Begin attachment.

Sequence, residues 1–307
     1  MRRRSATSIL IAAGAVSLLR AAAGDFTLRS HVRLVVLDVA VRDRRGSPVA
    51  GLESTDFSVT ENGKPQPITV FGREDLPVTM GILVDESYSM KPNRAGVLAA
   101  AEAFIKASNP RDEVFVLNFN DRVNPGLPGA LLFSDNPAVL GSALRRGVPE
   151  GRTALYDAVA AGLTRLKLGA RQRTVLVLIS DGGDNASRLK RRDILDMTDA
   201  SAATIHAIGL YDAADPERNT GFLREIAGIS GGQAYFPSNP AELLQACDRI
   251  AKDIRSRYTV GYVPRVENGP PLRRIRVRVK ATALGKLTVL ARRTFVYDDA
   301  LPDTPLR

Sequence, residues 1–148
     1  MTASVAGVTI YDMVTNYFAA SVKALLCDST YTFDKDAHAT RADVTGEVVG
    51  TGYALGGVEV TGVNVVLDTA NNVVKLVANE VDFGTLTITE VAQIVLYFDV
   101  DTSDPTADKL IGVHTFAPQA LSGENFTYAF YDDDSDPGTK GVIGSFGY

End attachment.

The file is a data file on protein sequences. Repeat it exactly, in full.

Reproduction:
Sequence, residues 1–307
     1  MRRRSATSIL IAAGAVSLLR AAAGDFTLRS HVRLVVLDVA VRDRRGSPVA
    51  GLESTDFSVT ENGKPQPITV FGREDLPVTM GILVDESYSM KPNRAGVLAA
   101  AEAFIKASNP RDEVFVLNFN DRVNPGLPGA LLFSDNPAVL GSALRRGVPE
   151  GRTALYDAVA AGLTRLKLGA RQRTVLVLIS DGGDNASRLK RRDILDMTDA
   201  SAATIHAIGL YDAADPERNT GFLREIAGIS GGQAYFPSNP AELLQACDRI
   251  AKDIRSRYTV GYVPRVENGP PLRRIRVRVK ATALGKLTVL ARRTFVYDDA
   301  LPDTPLR

Sequence, residues 1–148
     1  MTASVAGVTI YDMVTNYFAA SVKALLCDST YTFDKDAHAT RADVTGEVVG
    51  TGYALGGVEV TGVNVVLDTA NNVVKLVANE VDFGTLTITE VAQIVLYFDV
   101  DTSDPTADKL IGVHTFAPQA LSGENFTYAF YDDDSDPGTK GVIGSFGY